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Spicy nachos that show how hearty and satisfying vegan food can be

We’re having nachos for dinner?” he asked.

“Yep,” I said. “Does that sound good?”


I was talking to our 13-year-old foster son, who’s been with us for a little over a month. Like the eight-year-old we had for six months before he left in March, he loves food – and how. My biggest challenge in the kitchen is keeping up with his appetite. No need to worry about “spoiling” dinner with a snack; he’ll devour both, want a cookie for dessert and ask for popcorn a half-hour later.

One night, I had settled on this recipe for buffalo chickpea nachos as a sly way of showing him that vegan cooking can be hearty and satisfying, and all went according to plan – until I used the only pepper sauce I had on hand, Tabasco. It’s so much hotter than the traditional sauce used for buffalo wings, Frank’s Red Hot, that this seemingly simple swap rendered the dish largely inedible (and the air around the stove cough-inducing).

Burritos came to the rescue that night, and the kid got a kick out of telling us – and later, anybody within earshot – about the time “Joe really messed up some nachos”. The next night, I was back at it, this time with the correct sauce, and redeemed myself.

Obviously, this is just the thing for game night, whether that means the upcoming Super Bowl or the backgammon and Monopoly we’ve been playing since our foster son arrived. But before you make it, know that there are at least two other crucial choices beyond the Frank’s. First, start with big, restaurant-style tortilla chips. Second, and perhaps even more importantly, you want the right vegan cheese.

If you’ve been scarred by memories of vegan shreds that just sat on your nachos or pizza, or in your grilled cheese or quesadilla, unmoved by the heat of the oven and refusing to do anything close to melting, you might be reluctant to go there again. If you’re not vegan and not interested in eating a vegan meal, by all means use your favourite dairy cheese here. But for those of you who do want to keep this plant-based, I tested nine brands, sprinkling them plain on tortilla chips and baking for 10 to 15 minutes. The upshot: Daiya – a brand I used to avoid – was the clear winner with a vastly improved product that melted beautifully. Runners-up were Violife and Vevan; losers were Go Veggie, Original Almond and So Delicious; and in the middle were Forager, Miyoko’s and Chao.

When I made the nachos with Frank’s Red Hot and Daiya, the tart (and manageably spicy) chickpeas, gooey cheese and crisp bell pepper and spring onions had all of us eating like teenagers, going back for seconds –and playfully fighting over thirds.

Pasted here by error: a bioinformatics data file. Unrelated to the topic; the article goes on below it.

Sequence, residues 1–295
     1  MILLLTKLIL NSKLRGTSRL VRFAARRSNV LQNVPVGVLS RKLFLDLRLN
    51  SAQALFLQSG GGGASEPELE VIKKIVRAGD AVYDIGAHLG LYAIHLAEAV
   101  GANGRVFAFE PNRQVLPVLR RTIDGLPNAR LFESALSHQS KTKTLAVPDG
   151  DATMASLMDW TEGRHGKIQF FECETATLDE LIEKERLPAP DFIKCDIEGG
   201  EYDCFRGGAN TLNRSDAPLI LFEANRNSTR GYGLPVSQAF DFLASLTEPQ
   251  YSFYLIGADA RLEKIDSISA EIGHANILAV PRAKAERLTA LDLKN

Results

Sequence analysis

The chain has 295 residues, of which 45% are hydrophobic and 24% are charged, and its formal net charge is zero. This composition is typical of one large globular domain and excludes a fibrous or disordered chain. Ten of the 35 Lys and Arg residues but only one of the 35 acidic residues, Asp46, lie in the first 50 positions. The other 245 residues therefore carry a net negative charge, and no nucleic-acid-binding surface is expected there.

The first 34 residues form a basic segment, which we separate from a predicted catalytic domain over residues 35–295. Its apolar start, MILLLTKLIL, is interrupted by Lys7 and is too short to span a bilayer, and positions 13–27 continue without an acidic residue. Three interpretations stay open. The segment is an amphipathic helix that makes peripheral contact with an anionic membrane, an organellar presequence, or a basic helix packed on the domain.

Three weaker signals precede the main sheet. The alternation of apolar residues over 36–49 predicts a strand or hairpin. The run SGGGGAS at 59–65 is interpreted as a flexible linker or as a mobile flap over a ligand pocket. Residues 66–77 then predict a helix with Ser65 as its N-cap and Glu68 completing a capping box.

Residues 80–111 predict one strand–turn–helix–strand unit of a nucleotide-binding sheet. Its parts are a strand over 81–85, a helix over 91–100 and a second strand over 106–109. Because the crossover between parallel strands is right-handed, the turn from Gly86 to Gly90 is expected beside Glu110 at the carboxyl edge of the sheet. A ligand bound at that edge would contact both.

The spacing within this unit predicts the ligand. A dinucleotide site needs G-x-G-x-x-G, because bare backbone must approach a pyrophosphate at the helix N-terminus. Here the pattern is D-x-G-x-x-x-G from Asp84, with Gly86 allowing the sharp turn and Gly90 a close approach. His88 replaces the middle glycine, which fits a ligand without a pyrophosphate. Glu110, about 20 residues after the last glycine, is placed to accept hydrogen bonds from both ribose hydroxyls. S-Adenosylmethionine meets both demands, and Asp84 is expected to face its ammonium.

Buffalo chickpea nachos

Active time: 15 minutes | Total time: 30 minutes

Serves: 4 to 6

These simple-to-make nachos give chickpeas the tart, spicy buffalo treatment, layering them with vegan cheese, red bell pepper and crisp green onions. If you’d like, feel free to add pico de gallo and/or guacamole. Use Frank’s Red Hot sauce for that typical buffalo flavour; if you substitute another sauce, make sure it’s equally mild, such as Louisiana hot sauce (using Tabasco or something as hot or hotter in these quantities results in something barely edible). For the best-melting vegan cheese, look for Daiya Cutting Board Cheddar Style Shreds, followed by Violife Just Like Cheddar Shreds and Vevan Ched-Shred.

Make ahead: The Buffalo chickpeas can be cooked and refrigerated for up to 5 days before you make the nachos.

Storage: Not recommended, but you can refrigerate for up to 5 days and use as the base for chilaquiles or migas (with vegan egg substitute, if desired).


255g cooked chickpeas or one (425g) can no-salt-added chickpeas, drained and rinsed

120ml Frank’s Red Hot sauce (see headnote)

60g unsalted vegan butter

½ tsp garlic powder

¼ tsp ground black pepper

280g large, restaurant-style no-salt tortilla chips

200-225g shredded vegan cheddar cheese, preferably Daiya brand (see headnote)

1 red bell pepper, stemmed, cored and chopped

2 spring onions, trimmed and thinly sliced


Position a rack in the middle of the oven and preheat to 190C.

In a small saucepan over medium-high heat, combine the chickpeas, hot sauce, vegan butter, garlic powder and pepper. Cook, stirring frequently, until the butter melts, the mixture comes to a boil and the liquid slightly reduces, 5 minutes. Use a potato masher or fork to lightly mash the chickpeas. Remove from the heat and let cool slightly.

Spread the tortilla chips on a large, rimmed baking tray in an even layer. Sprinkle the vegan cheese on top. Add dollops of the chickpea mixture evenly on top, followed by the bell pepper.

Bake for 10 to 15 minutes, or until the cheese is melted and the chips are starting to lightly brown around the edges, making sure they don’t burn.

Remove from the oven, top with the scallions and serve hot.

Nutrition information per serving (about 12 chips plus toppings), based on 6 | calories: 503; total fat: 26g; saturated fat: 10g; cholesterol: 0mg; sodium: 1,121mg; carbohydrates: 51g; dietary fibre: 7g; sugar: 3g; protein: 9g.

This analysis is an estimate based on available ingredients and this preparation. It should not substitute for a dietitian’s or nutritionist’s advice.

Recipe adapted from ‘Liv B’s Easy Everyday’ by Olivia Biermann (Robert Rose, 2022).

© The Washington Post

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